Looks like Verizon will be the lone carrier in the Note 7 resistance.
AT&T, Sprint, and T-Mobile have all announced plans to move ahead with a software update that will effectively kill any outstanding Note 7 devices.
The move follows Samsung’s declaration on Friday that it is planning to release a software update to prevent remaining Note 7 devices in the market from charging, rendering them useless. The update is meant to neutralize consumer Note 7 devices that are still outstanding despite back-to-back recalls from the U.S. Consumer Product Safety Commission after reports the device’s battery overheated, either causing the phone to catch fire or explode. According to Samsung, around 93 percent of all Note 7 phones have been returned, but that leaves around 7 percent of devices still outstanding in consumer pockets.
Samsung slated the update’s release for December 19, but noted individual carriers may distribute the update at different times.
In a statement on Monday, T-Mobile said it will be pushing out the update just after Christmas because it believes the move is the “right thing” to do for its customers.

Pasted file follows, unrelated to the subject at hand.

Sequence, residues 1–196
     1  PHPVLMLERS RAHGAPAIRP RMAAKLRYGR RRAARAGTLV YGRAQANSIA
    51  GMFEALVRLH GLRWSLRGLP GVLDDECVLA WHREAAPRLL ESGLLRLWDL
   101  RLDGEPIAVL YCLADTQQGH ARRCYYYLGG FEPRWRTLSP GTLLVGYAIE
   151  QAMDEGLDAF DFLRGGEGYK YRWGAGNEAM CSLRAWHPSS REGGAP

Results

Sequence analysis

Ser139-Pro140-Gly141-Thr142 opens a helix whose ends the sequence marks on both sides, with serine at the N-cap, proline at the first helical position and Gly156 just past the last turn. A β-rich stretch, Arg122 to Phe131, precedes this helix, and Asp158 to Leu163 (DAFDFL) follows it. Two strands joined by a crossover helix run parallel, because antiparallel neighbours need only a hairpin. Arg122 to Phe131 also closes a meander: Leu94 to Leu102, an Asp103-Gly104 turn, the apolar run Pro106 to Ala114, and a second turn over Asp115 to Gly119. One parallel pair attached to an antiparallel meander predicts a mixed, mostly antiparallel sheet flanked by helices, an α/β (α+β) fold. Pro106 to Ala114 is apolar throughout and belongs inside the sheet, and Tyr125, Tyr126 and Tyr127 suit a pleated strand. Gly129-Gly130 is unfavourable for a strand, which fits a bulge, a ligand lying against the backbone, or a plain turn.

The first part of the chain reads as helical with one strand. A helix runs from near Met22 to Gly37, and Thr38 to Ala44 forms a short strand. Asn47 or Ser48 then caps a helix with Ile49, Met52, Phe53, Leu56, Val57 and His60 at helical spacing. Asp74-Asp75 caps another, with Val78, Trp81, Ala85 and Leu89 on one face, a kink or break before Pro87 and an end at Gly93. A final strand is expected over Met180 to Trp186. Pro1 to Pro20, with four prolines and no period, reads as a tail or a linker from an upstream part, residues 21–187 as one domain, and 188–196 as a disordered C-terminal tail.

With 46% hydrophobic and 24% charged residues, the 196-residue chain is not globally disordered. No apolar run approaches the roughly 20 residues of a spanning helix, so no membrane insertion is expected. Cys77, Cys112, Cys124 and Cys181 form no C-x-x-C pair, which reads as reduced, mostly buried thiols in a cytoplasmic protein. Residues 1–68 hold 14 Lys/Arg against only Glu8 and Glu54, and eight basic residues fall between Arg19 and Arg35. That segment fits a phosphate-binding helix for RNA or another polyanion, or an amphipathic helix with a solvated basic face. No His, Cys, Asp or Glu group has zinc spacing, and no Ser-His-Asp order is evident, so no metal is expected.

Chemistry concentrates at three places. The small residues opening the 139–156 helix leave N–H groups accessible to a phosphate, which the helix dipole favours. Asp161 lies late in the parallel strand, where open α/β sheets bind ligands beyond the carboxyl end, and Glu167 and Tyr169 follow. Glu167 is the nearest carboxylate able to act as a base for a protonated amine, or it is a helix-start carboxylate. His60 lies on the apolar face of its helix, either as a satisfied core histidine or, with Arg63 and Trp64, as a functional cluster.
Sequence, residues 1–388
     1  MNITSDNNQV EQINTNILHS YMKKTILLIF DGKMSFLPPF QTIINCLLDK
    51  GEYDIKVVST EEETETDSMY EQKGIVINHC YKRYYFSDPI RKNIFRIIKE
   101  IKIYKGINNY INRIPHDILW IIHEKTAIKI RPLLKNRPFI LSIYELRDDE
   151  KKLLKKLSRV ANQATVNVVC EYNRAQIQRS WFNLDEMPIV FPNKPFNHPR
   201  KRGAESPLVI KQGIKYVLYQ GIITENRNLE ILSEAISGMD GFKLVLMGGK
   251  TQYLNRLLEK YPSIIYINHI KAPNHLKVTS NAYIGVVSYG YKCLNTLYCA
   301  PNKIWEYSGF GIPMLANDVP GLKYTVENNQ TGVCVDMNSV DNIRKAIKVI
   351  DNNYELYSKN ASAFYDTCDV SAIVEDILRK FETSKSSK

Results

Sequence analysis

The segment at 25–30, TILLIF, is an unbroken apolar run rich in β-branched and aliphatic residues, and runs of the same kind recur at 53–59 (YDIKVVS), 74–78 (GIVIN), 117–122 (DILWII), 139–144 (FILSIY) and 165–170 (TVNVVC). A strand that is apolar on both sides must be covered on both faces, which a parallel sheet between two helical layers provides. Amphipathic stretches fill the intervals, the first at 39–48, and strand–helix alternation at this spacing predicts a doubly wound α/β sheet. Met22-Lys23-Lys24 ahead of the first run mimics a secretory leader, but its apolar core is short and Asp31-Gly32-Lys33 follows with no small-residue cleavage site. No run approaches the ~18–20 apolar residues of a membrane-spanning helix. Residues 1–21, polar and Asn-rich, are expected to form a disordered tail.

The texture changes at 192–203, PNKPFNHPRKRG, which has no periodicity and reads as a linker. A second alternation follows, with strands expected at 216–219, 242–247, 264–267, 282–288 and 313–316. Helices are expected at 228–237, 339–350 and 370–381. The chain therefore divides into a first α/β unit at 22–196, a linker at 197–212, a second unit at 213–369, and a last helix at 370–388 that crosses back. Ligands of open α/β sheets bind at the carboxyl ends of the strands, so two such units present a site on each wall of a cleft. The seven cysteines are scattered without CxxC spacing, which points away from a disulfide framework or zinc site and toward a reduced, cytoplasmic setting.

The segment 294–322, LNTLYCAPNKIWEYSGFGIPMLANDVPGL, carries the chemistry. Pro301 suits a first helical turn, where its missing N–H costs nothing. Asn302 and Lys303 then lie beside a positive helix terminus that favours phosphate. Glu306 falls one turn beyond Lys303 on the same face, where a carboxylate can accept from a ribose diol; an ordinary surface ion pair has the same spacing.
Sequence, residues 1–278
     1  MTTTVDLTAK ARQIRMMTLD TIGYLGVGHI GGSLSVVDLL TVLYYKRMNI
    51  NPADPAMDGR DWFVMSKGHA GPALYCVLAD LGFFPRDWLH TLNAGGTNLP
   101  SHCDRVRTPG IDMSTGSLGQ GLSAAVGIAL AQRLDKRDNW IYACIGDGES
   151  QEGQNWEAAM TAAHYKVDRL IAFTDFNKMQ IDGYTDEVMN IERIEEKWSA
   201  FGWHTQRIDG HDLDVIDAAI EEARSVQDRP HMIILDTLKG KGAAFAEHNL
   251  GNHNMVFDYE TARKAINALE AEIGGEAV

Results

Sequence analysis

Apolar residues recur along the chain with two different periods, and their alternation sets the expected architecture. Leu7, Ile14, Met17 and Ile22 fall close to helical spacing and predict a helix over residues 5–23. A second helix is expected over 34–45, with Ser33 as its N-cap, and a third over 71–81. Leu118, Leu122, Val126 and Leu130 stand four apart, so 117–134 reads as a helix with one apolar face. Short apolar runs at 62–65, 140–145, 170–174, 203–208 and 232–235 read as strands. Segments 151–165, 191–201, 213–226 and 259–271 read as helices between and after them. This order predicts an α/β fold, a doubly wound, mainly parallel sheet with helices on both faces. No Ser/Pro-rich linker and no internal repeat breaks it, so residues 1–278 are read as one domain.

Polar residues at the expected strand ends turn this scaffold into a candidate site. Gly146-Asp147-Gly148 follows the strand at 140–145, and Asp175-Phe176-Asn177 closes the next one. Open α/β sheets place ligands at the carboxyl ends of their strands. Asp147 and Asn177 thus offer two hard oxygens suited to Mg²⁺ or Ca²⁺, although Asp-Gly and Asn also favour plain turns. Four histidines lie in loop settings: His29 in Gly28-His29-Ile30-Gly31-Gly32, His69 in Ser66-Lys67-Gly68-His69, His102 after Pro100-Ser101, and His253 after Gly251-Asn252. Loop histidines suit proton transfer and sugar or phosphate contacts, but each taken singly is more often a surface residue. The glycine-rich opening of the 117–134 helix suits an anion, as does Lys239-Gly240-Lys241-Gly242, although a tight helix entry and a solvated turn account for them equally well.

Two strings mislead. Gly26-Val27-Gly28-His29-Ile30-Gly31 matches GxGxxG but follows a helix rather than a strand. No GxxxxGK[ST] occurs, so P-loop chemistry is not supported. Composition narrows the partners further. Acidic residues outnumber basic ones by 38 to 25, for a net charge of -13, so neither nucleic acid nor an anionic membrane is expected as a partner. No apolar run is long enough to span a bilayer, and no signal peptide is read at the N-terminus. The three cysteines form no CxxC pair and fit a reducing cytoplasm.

“We always want to do the right thing and make sure our customers are safe, so on Dec. 27 we will roll out Samsung’s latest software update, which is designed to stop all remaining Note7 devices from charging,” the Un-carrier said. “These devices were recalled by the Consumer Product Safety Commission (CPSC) on Oct. 13 and should no longer be used. T-Mobile customers who still have a Note7 should immediately power down and stop using the device, and bring it back to a T-Mobile store for a full refund and a replacement device.”
Similarly, Sprint said it will send out the update on January 8, noting in its announcement that “customer safety is our highest priority.” AT&T has also confirmed it will take part in pushing the update, sending out text messages to customers on Friday to let them know about the pending death blow. According to the text, AT&T’s push of the update will happen on January 5.
Interestingly, Verizon cited safety as its reason for declining to participate, noting some customers may not have a fallback device that would allow them to stay connected.
“We will not push a software upgrade that will eliminate the ability for the Note 7 to work as a mobile device in the heart of the holiday travel season,” Verizon’s Vice President of Global Corporate Communications Jeffrey Nelson said. “We do not want to make it impossible to contact family, first responders, or medical professionals in an emergency situation.”